“The night of mi’raj is the one on which the Prophet revisited his original abode … It is not that only Hazrat ‘Ali’s progeny can attain this status. Whoever is determined enough will be able to reach the goal. It can come in stages, through repeated efforts.”
Imam Sultan Muhammad Shah Aga Khan III
(Dar es Salaam, September 29, 1899)
In the traditional, exoteric (zahir) understanding of Mi’raj (ascension), the Prophet Muhammad travels from the Ka’bah in Makkah to the Sacred Masjid in Jerusalem on the winged horse Buraq. In Jerusalem, after the Prophet Muhammad led a prayer of all Prophets, Buraq ascended with the Prophet through the seven heavens, after which the Prophet experienced his vision of Allah. However, in Ismaili philosophy, the mi’raj considers this understanding as symbolic of a deeper, esoteric (batin) explanation, or ta’wil.
In his book, Ismaili mazhab ki haqiqat awr uska nizam, Dr. Zahid Ali writes of a man who once asked Hazrat Imam al-Mu’izz (the 14th Ismaili Imam) about the interpretation of “sacred masjid” and the “farthest masjid,” mentioned in verse 17:1:
“Glory be to Him Who made His servant to go by night from the sacred masjid to the farthest masjid of which We have blessed the precincts, so that We may show to him some of Our signs.”
Holy Qur’an 17:1
The Imam replied: “The sacred masjid refers to Soul (nafs) and the ‘farthest masjid‘ means Intellect (aql).” These were clarified as the Universal Intellect (al-‘aql al-kull) and Universal Soul (al-nafs al-kull) by the 10th century Ismaili Da‘i, Abu Hatim al-Razi, who wrote:
“‘Glory to Him who carried His servant by night from the Holy Mosque to the Furthest Mosque’ (Qur’an 17:1). That is to say, he [the Prophet Muhammad] was elevated from the conjunction with the Universal Soul to the conjunction with the Universal Intellect.”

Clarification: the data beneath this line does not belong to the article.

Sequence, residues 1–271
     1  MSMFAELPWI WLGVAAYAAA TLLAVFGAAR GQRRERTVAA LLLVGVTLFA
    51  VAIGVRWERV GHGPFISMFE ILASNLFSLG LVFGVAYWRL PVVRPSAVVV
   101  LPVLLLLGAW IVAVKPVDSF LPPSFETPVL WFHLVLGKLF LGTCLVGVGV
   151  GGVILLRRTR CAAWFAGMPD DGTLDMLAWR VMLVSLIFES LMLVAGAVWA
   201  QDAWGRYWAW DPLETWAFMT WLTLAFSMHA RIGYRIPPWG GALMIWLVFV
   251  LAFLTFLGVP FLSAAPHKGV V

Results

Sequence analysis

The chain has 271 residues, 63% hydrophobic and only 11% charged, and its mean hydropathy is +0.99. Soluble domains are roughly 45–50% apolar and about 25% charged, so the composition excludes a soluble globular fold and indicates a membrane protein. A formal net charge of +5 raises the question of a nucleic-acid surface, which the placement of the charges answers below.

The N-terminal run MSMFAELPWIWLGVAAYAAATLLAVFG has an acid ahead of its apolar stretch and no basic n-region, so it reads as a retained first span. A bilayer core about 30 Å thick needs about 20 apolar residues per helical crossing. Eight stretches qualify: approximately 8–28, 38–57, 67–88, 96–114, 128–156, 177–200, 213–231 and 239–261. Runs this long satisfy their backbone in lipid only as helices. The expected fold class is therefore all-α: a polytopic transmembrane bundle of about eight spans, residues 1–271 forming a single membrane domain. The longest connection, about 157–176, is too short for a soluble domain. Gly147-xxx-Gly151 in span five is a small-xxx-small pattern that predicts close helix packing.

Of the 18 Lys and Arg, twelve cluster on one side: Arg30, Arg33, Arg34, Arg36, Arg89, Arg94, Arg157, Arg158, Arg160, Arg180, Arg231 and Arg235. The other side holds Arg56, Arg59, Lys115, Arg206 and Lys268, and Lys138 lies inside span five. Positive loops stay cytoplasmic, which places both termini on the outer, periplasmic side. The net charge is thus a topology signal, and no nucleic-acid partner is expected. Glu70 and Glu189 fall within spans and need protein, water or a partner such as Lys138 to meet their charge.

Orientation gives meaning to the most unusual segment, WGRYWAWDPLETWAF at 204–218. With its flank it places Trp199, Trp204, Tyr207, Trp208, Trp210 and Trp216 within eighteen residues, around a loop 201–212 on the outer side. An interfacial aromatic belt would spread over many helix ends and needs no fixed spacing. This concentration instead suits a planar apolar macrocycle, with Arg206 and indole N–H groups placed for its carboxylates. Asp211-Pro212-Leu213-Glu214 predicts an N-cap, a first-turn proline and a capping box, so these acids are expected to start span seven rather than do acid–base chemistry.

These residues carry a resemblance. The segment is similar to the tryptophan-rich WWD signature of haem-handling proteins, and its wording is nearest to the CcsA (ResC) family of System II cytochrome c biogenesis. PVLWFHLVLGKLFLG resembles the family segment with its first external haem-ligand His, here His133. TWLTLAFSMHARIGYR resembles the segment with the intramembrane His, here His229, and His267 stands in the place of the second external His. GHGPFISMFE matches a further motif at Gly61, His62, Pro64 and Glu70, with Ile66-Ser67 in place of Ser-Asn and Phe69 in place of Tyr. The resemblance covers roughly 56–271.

Shin Nomoto, Ph.D Thesis,
Early Ismaili Thought on Prophecy, (p 223)
In his interpretation of the Prophet’s mi’raj, Abu Hatim al-Razi noted that Buraq is derived from the Arabic verb baraqa (“to shine”), suggesting the horse symbolizes an illuminating experience or illuminating knowledge granted by a spiritual rank (hadd) of the higher world known as Khayal (Imagination). This light, which emanates from the Universal Soul, “shone” (baraqa) upon the Prophet and elevated him to the higher spiritual rank of Jadd (Good Fortunate), and finally to the Universal Soul and Universal Intellect. Similarly, according to Sayyidna Nasir Khusraw, “the Prophet attained the rank of Natiq and returned to the heaven of the Universal Soul by the spiritual mi’raj (ascent)” (Wajh-i Din, Discourse 15).
Literally, masjid means “place of prostration”; esoterically, according to Sayyidna Nasir Khusraw it signifies the submission of the soul and merging with the Higher Realities [see below]. Therefore, esoterically, during his mi’raj, the Prophet first attained annihilation (fana) in the Universal Soul (sacred masjid) and was then elevated further to merge with the Universal Intellect (furthest masjid).
Mawlana Sultan Muhammad Shah reminds us that all could, and should, return to the heaven of the Universal Soul:
“Once man has thus comprehended the essence of existence, there remains for him the duty, since he knows the absolute value of his own soul, of making for himself a direct path which will constantly lead his individual soul to and bind it with the Universal Soul of which the Universe — as much of it as we perceive with our limited vision — is one of the infinite manifestations.”
Imam Sulṭan Muhammad Shah Aga Khan III, Memoirs of Aga Khan, (Simon & Schuster, 1954)
According to Ismaili esotericists, such as Abu Ya’qub al-Sijistani or the Ikhwan al-Safa, the Light of Allah, mentioned in Ayat al-Nur (24:35) of the Qur’an, is the Universal Intellect and the Light of the Intellect is the Universal Soul. Two lights, Light upon Light, as Ayat al-Nur mentions. In discourse 27 of his Wajh-i Din, Sayyidna Nasir Khusraw explains that: “Allah has to be worshiped through the Universal Intellect and the Universal Soul, who are His Names in a true sense.” And then, in discourse 51, he associates the Universal Intellect and Universal Soul with the Divine Names al-‘Ali (“The High”) — above which there is no “higher” rank (hadd) — and al-‘Azim (“The Great”), respectively.